15 Responses to “Ad Astra and the Battle of Agincourt”

  1. Moon Orbiting Super Human? Meta Orwellian Stalinist Hog? Mostly Omnivorous System Heifer?

  2. Kolbex: Ray Kurzweil extols a Transhumanist future of immortals free of disease

    Make sure you ask Kurzweil for details of his diet and supplement program for eternal life.

    (As relayed by the Heil:)

    http://www.dailymail.co.uk/news/article-2467514/Ray-Kurzweil-shares-plans-immortality.html

  3. I might be tempted by the biotech panel.

    I got an RFID implant for fun. Only thing I do with it right now is store contact information. If someone with an android phone has NFC turned on, they can scan my hand to import my contact details. It’s a little silly since I could in principle just wear a ring with the same chip. but, I also like piercings and tattoos, and this is a bit like that. I got the implant from Amal of DangerousThings at Penguicon, and his company is working on something with 2FA, partnering with another company, and this is not ready for customers yet, and involves a more complicated procedure.

    I like jwz’s review of Jurassic World:

    I’m sorry, without people with feathers, there’s no way I can take this movie seriously.

    more approachable things:

    film displays on your skin? https://www.newscientist.com/article/2084540-turn-your-skin-into-a-screen-with-a-super-thin-digital-display/

    digital tattoos, for people who don’t want to implant RFIDs http://vivalnk.com/

    And we should understanding our cognitive architectures in preparation for getting cognitive prosthesis (implants, smart phones, behavioral training). The soldier in Upgraded gets training to tweak her pre conscious reactions. Project Implicit uses an IAT task to show that we have unconscious biases that work against what we think we think. Reaction times in an IAT are slower when matching up positive words with pictures of people who don’t match the stereotype of the word. Wiring up someone for combat maybe would need tweaking to offset that type of stuff. They’d want good pattern matching ability, but they’d need to tweak part of it not to work right.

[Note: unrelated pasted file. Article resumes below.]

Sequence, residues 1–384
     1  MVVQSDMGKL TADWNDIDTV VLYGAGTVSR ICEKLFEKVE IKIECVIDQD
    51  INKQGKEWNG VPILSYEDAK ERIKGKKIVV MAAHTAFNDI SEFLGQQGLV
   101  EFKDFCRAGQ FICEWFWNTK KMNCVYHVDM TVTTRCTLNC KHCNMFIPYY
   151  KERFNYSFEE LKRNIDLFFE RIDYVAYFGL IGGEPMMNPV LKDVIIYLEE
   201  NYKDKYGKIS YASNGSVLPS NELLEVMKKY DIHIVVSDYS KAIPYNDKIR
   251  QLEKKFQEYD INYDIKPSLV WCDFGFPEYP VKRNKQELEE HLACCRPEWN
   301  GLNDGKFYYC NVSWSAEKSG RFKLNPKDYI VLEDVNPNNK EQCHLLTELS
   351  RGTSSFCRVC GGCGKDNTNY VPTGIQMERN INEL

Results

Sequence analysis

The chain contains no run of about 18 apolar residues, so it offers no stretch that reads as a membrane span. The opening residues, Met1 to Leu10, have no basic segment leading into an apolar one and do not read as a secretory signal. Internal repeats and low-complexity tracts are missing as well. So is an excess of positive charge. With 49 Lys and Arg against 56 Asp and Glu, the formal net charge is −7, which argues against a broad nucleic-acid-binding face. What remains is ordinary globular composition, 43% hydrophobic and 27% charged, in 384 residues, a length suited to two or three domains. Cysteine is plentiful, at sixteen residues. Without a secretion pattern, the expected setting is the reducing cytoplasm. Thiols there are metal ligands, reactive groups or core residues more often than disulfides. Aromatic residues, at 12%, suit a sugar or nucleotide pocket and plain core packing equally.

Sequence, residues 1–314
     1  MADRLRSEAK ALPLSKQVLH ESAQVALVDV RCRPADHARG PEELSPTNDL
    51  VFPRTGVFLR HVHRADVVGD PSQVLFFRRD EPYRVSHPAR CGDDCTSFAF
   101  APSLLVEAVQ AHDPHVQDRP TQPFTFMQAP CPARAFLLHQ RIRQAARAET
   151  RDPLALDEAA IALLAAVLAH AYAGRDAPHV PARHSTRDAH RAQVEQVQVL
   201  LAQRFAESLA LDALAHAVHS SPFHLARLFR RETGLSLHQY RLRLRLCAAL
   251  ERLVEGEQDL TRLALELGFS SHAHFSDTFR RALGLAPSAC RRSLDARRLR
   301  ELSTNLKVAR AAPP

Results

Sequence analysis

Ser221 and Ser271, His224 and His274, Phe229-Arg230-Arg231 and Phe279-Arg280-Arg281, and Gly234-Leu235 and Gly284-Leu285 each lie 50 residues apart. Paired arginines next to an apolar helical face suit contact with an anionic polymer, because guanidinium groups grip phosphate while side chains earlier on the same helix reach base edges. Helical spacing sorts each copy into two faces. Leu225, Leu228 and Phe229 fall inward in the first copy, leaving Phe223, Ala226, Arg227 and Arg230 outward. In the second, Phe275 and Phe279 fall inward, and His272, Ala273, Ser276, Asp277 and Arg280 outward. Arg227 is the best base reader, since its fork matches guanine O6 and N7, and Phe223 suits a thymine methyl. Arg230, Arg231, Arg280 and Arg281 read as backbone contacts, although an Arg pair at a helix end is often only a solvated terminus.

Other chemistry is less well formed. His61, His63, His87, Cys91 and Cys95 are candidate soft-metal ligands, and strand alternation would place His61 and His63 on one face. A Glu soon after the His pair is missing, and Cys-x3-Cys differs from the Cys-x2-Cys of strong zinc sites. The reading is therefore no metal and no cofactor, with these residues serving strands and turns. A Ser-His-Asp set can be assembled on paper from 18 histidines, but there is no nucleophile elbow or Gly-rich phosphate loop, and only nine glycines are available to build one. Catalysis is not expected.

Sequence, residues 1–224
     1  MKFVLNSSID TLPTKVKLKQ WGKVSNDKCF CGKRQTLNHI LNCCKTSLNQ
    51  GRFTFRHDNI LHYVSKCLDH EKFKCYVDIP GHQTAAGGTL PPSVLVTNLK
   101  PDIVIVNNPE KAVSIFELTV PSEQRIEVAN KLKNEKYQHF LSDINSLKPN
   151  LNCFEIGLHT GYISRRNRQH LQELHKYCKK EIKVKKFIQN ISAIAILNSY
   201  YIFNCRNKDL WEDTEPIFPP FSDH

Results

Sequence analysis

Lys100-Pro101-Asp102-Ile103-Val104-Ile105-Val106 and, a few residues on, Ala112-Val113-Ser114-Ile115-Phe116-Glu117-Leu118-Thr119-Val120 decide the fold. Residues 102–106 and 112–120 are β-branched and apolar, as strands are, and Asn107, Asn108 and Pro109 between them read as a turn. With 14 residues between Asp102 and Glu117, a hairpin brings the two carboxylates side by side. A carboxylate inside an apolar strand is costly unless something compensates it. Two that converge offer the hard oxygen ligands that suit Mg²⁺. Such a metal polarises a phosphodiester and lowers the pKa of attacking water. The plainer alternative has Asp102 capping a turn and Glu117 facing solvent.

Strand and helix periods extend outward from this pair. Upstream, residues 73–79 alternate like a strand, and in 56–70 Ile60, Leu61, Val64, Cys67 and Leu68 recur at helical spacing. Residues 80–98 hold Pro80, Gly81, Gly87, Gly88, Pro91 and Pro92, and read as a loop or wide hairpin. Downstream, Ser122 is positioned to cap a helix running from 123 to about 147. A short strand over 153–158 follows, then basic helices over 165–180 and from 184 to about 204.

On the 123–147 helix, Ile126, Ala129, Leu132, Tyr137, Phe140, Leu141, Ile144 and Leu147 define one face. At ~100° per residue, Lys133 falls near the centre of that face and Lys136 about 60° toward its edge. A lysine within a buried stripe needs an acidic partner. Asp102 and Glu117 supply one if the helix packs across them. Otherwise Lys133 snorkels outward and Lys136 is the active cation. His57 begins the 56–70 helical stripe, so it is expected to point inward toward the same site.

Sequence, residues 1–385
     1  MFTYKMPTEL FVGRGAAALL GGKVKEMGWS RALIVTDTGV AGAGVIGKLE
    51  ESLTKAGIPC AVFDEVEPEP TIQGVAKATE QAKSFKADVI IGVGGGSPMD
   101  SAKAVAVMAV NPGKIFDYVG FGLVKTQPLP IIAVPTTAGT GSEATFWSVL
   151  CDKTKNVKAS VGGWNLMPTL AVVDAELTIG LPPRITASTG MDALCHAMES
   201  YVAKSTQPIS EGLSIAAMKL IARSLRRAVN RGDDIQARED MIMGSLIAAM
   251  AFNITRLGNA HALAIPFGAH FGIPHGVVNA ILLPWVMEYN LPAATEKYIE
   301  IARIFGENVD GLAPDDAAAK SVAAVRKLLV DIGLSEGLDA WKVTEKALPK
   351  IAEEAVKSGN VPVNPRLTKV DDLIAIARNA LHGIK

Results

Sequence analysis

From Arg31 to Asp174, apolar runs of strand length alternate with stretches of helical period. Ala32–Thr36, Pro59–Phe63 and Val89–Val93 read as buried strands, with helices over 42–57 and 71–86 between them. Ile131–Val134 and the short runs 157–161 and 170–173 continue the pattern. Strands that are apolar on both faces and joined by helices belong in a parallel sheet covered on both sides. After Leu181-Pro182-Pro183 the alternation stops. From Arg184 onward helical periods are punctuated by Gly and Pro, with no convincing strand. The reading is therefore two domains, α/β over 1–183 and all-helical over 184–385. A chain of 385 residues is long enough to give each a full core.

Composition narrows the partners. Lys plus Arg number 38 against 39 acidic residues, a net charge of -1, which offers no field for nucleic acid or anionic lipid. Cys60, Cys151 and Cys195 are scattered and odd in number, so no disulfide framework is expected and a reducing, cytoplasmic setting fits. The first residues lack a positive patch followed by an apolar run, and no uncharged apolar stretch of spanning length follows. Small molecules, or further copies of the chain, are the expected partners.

…or, the bio panel could get really tedious. A panel format can really suck. I hope it goes well!

    updating: if the topic goes in to present to near future and lawmaking and medical implants, consider the topics here by Karen Sandler of the Software Freedom Conservancy, “Freedom in My Heart and Everywhere: Lessons from a Cyborg Lawyer”
    https://www.youtube.com/watch?v=DcHFQ53iykg

  4. MOSH: Mostly Original Substrate Human, from “Singularity Hypotheses: A Scientific and Philosophical Assessment.”

  5. Morphed Octopus Super Hybrid! or: meh, only some human.

  6. You can’t just mention “a disastrous encounter with a bunch of bovine cheerleaders at one of those ‘alternative’ schools” without a proper explanation.

  7. Where’s Richmond B? I can deliver more cookies for the pones…

  8. mantissa128: MOSH: Mostly Original Substrate Human, from “Singularity Hypotheses: A Scientific and Philosophical Assessment.”

    Thank you. Gives me somewhere to start, anyway.

    Kyle Mac:
    You can’t just mention “a disastrous encounter with a bunch of bovine cheerleaders at one of those ‘alternative’ schools” without a proper explanation.

    Get used to disapointment.

    Robert:
    Where’s Richmond B?